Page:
Investment Objective
The Adaptive  Tactical Rotation ETF (the “Fund”) seeks capital appreciation.
Fees and Expenses of the Fund
This table describes the fees and expenses that you may pay if you buy , hold , and sell shares of the Fund (“Shares”). You may pay other fees, such as brokerage commissions and other fees to financial intermediaries, which are not reflected in the table and example below.

Annual Fund Operating Expenses
(ongoing expenses that you pay each year as a percentage of the value of your investment)
Management Fees
1.00%
Other Expenses
0.89%
Acquired Fund Fees and Expenses 1
0.15%
Total Annual Fund Operating Expenses
2.04%
   Less Fee Waiver and/or Expense Limitation 2
(0.64)%
    Total Annual Fund Operating Expenses After
   Fee Waiver and/or Expense Limitation

1.40%
1. “Acquired Fund” means any investment company in which the Fund invests or has invested during the previous fiscal year.   The “Total Annual Fund Operating Expenses” and “Net Annual Fund Operating Expenses” will not match the Fund’s gross and net expense ratios reported in the Financial Highlights from the Fund’s financial statements, which reflect the operating expenses of the Fund and do not include Acquired Fund Fees and Expenses.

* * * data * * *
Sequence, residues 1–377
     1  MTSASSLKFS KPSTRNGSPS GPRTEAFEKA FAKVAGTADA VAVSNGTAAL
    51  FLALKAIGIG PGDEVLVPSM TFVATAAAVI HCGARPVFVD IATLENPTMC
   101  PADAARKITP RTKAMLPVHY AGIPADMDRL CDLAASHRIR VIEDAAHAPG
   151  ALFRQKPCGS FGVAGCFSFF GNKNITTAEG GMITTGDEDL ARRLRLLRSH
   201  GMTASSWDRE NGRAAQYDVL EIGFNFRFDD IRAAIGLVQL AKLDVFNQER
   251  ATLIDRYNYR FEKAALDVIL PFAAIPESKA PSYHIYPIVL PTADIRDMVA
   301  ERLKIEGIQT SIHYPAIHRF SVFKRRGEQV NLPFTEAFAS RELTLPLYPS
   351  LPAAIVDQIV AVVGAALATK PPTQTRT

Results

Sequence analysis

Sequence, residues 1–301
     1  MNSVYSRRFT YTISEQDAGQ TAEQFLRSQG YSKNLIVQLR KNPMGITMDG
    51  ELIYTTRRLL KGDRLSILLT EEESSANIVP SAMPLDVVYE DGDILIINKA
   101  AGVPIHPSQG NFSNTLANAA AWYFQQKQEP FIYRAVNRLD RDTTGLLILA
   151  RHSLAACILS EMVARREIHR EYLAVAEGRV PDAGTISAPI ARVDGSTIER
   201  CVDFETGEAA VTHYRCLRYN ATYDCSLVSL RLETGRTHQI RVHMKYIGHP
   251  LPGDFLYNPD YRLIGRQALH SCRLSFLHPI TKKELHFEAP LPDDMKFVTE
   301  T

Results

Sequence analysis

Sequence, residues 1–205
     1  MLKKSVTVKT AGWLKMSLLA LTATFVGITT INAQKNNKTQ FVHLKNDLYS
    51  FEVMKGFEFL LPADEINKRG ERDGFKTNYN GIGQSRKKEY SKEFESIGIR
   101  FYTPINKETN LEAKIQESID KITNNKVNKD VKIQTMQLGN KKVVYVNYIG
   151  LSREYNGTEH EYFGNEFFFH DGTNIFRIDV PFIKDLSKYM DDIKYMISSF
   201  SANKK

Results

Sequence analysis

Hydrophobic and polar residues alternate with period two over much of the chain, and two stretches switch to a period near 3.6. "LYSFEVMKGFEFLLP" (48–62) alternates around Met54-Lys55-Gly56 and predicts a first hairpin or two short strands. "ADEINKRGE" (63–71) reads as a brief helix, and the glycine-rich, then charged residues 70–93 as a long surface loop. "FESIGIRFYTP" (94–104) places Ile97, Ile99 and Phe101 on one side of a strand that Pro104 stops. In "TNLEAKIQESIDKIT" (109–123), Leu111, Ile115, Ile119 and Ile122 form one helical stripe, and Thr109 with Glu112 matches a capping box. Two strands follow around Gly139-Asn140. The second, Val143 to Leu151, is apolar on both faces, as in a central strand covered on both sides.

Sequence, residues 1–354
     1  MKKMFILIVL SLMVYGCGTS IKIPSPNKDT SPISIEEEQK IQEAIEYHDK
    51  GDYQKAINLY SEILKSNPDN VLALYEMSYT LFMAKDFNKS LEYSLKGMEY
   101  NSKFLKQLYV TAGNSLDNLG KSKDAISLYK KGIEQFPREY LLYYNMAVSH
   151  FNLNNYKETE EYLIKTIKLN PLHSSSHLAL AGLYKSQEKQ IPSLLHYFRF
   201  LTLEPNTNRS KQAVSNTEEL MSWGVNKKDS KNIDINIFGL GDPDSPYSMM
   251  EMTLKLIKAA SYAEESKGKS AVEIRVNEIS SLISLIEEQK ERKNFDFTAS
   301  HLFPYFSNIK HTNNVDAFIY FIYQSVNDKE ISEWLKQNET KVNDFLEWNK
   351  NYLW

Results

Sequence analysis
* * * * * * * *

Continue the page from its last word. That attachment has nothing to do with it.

2. Cavalier Investments, LLC d/b/a Adaptive Investments, the investment advisor to the Fund (the “Advisor”), has entered into an expense limitation agreement with the Fund under which it has agreed to waive or reduce its fees and assume other expenses of the Fund, if necessary, in an amount that limits the Fund’s annual operating expenses (exclusive of: (i) any front-end or contingent deferred loads; (ii) brokerage fees and commissions, (iii) acquired fund fees and expenses; (iv) fees and expenses associated with investments in other collective investment vehicles or derivative instruments (including for example option and swap fees and expenses); (v) borrowing costs (such as interest and dividend expense on securities sold short); (vi) taxes; and (vii) extraordinary expenses, such as litigation expenses (which may include indemnification of Fund officers and Trustees and contractual indemnification of Fund service providers (other than the Advisor)) to not more than 1.25% of the Fund. Net annual operating expenses for the Fund may exceed these limits to the extent that it incurs expenses enumerated above as exclusions. The expense limitation agreement runs through [ ___________ , 2022] and may be terminated by the Board at any time. The Advisor cannot recoup from the Fund any amounts paid by the Advisor under the expense limitation agreement.